September 20th, 2018
All along the 800 miles of beautiful Welsh coastline are wide creeks, craggy nooks and open bays where some of Wales’ hundreds of lively rivers flow gracefully into the open sea. The estuaries of Wales are among some of the most stunning in the Britain, and range from huge and far reaching expanses of coastline like the mighty Severn estuary in south Wales, to the tiny pebbly estuary of the River Aeron in Aberaeron. Join us as we find out more about these fabulous watery landscapes that are rich in history and wildlife.
The River Dee is one of Wales’ most well known, and longest, rivers starting its watery journey in the hills of Snowdonia and running for 70 miles through the landscape of north-eastern Wales before spilling into the sea at Liverpool Bay between the Welsh coast and the Wirral Peninsula.
The Dee Estuary, which begins near Shotton in Flintshire, is one of the largest and most important wetland sites in the world. Thousands of migrating birds make it their winter home to take advantage of the rich mud plains and easy food foraging and the area attracts hundreds of different bird species at any one time. The area is so important that it is protected under several preservation schemes. It’s a Site of Special Scientific Interest (SSSR) as well as a Special Protection Area and is home to three different RSPB reserves.
But it wasn’t always this way. The entire estuary area was once a hive of industrial activity; as early as the 14th century the city of Chester had created trade links with Europe and so ships would travel up and down the Dee estuary importing and exporting goods as wide-ranging as cotton, food, spices, copper and steel. Tell-tale signs of industrial ghosts are visible all along the Welsh side of the estuary – like the mills at Greenfield near Holywell and the alkali chemical factory at Flint.
The Dee Estuary began to silt up sometime in the 18th century, and so heavy industry and the transporting ships moved over to the deeper Mersey estuary for easy access to the growing cities of Liverpool and Manchester. Today, most of the heavy industries have left the estuary and the entire area has become a peaceful haven for wildlife and birdlife.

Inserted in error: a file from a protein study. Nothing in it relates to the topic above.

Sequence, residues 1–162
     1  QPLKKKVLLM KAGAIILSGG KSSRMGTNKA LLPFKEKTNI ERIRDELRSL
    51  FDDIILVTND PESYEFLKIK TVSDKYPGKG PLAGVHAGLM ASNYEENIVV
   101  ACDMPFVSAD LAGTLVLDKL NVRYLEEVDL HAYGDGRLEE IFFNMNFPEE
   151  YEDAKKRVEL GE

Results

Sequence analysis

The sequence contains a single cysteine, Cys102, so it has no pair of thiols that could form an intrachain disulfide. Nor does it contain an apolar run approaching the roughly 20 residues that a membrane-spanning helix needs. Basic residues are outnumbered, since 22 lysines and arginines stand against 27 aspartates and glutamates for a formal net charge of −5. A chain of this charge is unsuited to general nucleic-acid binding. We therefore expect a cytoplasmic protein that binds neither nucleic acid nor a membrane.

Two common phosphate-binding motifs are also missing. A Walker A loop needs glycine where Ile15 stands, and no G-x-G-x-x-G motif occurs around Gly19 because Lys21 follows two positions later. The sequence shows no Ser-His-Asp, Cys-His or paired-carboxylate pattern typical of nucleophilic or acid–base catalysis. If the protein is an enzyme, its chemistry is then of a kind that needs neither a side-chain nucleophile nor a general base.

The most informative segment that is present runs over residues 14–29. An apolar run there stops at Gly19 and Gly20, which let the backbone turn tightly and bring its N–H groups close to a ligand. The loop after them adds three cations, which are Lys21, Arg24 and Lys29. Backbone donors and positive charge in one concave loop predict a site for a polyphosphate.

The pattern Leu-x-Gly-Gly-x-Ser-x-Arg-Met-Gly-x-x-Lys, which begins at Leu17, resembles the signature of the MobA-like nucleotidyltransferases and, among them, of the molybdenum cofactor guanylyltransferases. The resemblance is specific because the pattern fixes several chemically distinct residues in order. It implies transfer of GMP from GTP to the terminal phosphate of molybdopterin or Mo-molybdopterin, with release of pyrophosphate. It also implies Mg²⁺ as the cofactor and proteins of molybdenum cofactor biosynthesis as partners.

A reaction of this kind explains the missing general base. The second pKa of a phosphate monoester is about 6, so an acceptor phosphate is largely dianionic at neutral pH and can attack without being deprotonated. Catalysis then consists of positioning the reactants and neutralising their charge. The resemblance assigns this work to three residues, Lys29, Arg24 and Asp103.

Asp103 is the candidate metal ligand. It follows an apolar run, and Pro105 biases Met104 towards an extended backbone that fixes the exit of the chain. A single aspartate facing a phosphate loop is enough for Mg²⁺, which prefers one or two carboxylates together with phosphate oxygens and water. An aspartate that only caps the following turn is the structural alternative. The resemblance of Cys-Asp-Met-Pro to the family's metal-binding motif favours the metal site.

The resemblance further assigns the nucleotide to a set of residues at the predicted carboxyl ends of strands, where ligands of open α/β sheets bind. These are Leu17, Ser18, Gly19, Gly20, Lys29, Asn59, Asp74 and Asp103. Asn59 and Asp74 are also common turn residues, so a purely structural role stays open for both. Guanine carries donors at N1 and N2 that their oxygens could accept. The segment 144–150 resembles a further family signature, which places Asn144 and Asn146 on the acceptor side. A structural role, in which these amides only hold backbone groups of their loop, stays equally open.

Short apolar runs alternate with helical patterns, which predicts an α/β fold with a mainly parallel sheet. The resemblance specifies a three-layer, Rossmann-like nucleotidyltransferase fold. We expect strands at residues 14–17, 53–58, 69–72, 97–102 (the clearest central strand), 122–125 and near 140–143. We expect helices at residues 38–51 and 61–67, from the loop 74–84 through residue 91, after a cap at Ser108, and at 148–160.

Our next walk takes us to the beautiful Mawddach estuary on the mid west coast of Wales near the town of Barmouth. This is where the lively River Mawddach dances into Cardigan Bay. Today it is one of the most revered estuaries on the Welsh tourist maps, renowned for its rugged beauty and its stunning backdrop of the southern Snowdonia hills, but this estuary too was once a hive of activity. Ships would have lined the river banks as they brought in cotton and spices and took out slate, gold and woven cloths.
By the mid nineteenth century as the town of Barmouth grew into one of the most fashionable holiday locations in Wales thanks to the arrival of the railways, the heavy industry disappeared from the banks of the Mawddach leaving behind a peaceful and tranquil landscape.
The Mawddach estuary even tempted the English poet William Wordsworth away from his beloved Lake District as he holidayed in Barmouth. He described his surroundings with passion:
“I took a boat and rowed up its sublime Estuary, which many compare with the finest in Scotland. With a fine sea view in front, the mountains behind, the glorious Estuary running eight miles inland, and Cader Idris within compass of a day’s walk”.
Our final estuary fling takes us to South Wales and to one of the largest estuaries in the country, the mighty Severn. Here’s where the longest river in Great Britain flows out into the Bristol Channel, and the Rivers Wye, Usk and Avon all flow into this estuary too. As with the Dee in North Wales, the Severn Estuary forms a watery boundary between Wales and England.
Although industry does occupy some of the Severn estuary (industries like shipping, power stations and waste disposal), it is primarily now an urban estuary with some large towns and cities along the coastline, as well as some important tourist hot-spots like Barry and Swansea, and Weston-super-Mare on the English side. Of course, the estuary is well known for its bridges over the river; there are two motorway crossings opened in 1966 and 1996 that provide fast links between England and Wales.
Today, the estuary is at the forefront of discussions to implement renewable energy sources to harness the power of its enormous tidal range (one of the largest in the world), so it seems that this most historic of estuaries will continue to be important for many generations to come.